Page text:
The vast majority of practitioners provide consultancy services or execute programmes rather than sit in an Ivory-shaded tower. Their work may well deliver beneficial impact and outcomes for their employers, even if it does not involve influencing organisational strategy. They enjoy their work and are proud to be a PR practitioner – and why not?.
So why is this valuable work often dismissed as not representing what PR should be? If it reflects what PR is, what PR does, and what organisations want/need it to be – and doesn’t directly harm society, shouldn’t that be acknowledged rather than criticised?
My preferred shade of PR is pragmatic. It is multi-coloured; reflecting many hues or chromatic stimuli. I see a colourful pattern created by an illuminating reflection of the many facets of public relations. More than anything it is dynamic and gets things done. Whether that means writing or organising, relationship building or fire-fighting, it reflects a vibrant tapestry of PR with many hues within its strands.
If we don’t reflect the myriad shades of PR in our appreciation of the occupation, we risk dismissing a critical issue affecting the majority of practitioners. That is the financial reward of what we do. The profitable returns on strategic counsel cannot be achieved if PR does not also earn a good living from delivering PR services. This means such activities need to be conceived and implemented to achieve benefits that are valued within organisations.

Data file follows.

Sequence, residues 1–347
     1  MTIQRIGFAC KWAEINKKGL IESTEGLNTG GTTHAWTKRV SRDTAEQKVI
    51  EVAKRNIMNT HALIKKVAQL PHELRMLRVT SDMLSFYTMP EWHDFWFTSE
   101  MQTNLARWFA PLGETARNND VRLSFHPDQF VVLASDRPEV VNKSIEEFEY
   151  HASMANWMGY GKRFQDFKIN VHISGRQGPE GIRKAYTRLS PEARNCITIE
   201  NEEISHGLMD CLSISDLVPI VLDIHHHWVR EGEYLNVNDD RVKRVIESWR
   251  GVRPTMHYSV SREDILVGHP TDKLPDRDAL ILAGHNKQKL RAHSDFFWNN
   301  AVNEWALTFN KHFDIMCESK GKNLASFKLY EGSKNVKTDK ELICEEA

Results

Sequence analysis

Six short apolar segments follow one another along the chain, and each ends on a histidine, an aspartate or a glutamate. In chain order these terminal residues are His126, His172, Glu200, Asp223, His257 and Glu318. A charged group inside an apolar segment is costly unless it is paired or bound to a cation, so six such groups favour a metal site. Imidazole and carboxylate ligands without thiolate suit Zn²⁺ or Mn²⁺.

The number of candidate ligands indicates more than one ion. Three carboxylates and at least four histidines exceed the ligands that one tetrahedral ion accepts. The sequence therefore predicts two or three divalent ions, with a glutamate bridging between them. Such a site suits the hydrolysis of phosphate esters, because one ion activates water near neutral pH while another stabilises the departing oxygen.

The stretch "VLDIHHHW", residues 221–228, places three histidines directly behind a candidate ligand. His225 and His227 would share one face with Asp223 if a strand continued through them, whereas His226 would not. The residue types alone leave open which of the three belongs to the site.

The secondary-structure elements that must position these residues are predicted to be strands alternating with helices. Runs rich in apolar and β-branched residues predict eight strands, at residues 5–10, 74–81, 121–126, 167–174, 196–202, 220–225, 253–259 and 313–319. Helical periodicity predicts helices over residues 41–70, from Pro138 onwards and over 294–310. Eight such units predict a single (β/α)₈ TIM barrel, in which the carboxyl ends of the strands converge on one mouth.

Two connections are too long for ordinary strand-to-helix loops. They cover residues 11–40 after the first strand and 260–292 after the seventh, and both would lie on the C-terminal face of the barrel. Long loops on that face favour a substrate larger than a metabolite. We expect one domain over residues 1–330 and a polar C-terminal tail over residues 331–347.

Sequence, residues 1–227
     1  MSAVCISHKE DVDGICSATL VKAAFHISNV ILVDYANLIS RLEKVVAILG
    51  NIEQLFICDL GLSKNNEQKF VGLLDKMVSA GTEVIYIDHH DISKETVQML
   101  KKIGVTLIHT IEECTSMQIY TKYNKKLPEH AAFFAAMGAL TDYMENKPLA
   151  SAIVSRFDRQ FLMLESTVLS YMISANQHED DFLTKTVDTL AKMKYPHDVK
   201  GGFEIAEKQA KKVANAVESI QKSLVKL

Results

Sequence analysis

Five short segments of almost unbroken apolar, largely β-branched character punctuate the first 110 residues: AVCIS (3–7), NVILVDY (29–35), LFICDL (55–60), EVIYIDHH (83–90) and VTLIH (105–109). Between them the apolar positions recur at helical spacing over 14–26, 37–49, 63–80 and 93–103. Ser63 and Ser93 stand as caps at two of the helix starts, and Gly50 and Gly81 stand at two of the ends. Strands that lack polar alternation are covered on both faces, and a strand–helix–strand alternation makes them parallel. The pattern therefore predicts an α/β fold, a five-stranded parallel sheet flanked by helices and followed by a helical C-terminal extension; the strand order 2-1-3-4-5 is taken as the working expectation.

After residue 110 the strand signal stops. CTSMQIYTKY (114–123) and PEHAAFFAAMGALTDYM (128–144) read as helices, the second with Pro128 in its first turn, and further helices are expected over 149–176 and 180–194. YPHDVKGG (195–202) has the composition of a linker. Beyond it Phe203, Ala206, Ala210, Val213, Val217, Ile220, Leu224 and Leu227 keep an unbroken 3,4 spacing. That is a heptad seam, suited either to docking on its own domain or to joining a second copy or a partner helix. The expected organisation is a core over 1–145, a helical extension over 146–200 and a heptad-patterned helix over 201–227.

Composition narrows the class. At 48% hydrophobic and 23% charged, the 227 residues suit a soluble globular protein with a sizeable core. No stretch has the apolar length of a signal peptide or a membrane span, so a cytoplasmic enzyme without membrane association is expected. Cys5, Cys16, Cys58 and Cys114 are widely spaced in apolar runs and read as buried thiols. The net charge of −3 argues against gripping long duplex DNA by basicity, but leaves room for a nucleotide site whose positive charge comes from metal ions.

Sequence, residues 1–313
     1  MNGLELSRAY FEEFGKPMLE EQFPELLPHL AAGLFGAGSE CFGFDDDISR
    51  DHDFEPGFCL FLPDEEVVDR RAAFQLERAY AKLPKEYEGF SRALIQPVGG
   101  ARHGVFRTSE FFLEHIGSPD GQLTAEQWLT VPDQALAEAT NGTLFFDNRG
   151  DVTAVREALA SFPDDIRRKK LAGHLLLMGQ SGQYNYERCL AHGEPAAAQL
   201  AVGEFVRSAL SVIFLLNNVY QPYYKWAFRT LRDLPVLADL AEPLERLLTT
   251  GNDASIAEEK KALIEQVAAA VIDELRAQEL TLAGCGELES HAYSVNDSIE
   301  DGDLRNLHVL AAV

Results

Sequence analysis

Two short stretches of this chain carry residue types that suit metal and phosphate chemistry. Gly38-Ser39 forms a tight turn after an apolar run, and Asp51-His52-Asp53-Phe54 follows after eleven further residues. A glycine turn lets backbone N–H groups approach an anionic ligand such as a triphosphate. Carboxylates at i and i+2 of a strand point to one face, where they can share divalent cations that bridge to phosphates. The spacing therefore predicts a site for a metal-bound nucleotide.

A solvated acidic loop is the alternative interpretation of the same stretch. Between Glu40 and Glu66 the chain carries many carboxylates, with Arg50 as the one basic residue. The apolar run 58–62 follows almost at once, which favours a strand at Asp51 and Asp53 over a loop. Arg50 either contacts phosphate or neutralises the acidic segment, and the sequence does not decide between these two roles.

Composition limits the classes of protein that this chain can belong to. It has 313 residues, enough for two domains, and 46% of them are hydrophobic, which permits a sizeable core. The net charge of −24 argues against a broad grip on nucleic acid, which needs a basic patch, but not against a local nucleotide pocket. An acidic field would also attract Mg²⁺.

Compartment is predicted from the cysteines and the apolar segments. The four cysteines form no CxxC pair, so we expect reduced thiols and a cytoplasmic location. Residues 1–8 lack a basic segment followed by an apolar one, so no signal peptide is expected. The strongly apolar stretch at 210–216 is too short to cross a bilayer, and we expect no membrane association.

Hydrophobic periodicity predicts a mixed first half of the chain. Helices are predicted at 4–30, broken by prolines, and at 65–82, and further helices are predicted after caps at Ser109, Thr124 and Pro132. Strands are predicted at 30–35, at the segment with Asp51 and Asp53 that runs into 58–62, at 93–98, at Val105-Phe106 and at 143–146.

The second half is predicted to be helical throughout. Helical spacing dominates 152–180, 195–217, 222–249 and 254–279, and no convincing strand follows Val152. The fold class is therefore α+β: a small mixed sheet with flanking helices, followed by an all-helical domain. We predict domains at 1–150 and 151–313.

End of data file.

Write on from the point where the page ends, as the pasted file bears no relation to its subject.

Current returns within the PR industry are pitiful. The commodity thinking of “content creation” focuses on outputs, and like counting press cuttings and futile calculations of AVE, this fails to argue for adequate investment, budgets and salaries for the PR function. How often do we hear that PR is free or cheap? That’s not a healthy shade.
Interns and graduates often work for no pay in return for practical experience, which sucks credibility in exchange for temporary profitability in the industry. If we don’t invest in young talent and their careers, they will leave PR to be the vestige of the fluffy and the inarticulate; the old-hacks or Z-graders. Promising the golden glow of well-paid management or consultancy roles is disingenuous. If we continue to highlight a pure shade of PR, our young practitioners face a leap across a colour wheel, which may be impossible to achieve.
We need a strong and respected production shade of PR, otherwise we face a future of poor pay, lacking in credibility and few career opportunities for the majority. It is not enough to focus on PR as a strategic function which is valued for its consultancy advice or crisis management competency. Where will the strategic thinkers and expert practitioners of the future come from if we do not champion and develop talent – especially the most brilliant shade – within and across the practice?
If we continue to see the promotional, or tactical, areas of PR as either junior, or less respectable, or part of marketing, the outcome will be increased outsourcing and delegation as a low cost service in return for buzz and likes. We will diminish further the return on PR itself.
We cannot and should not distinguish shades of PR by presenting a strategic approach in the light and the majority of practitioners in the dark.
Greater luminance will only result from embracing all shades of PR.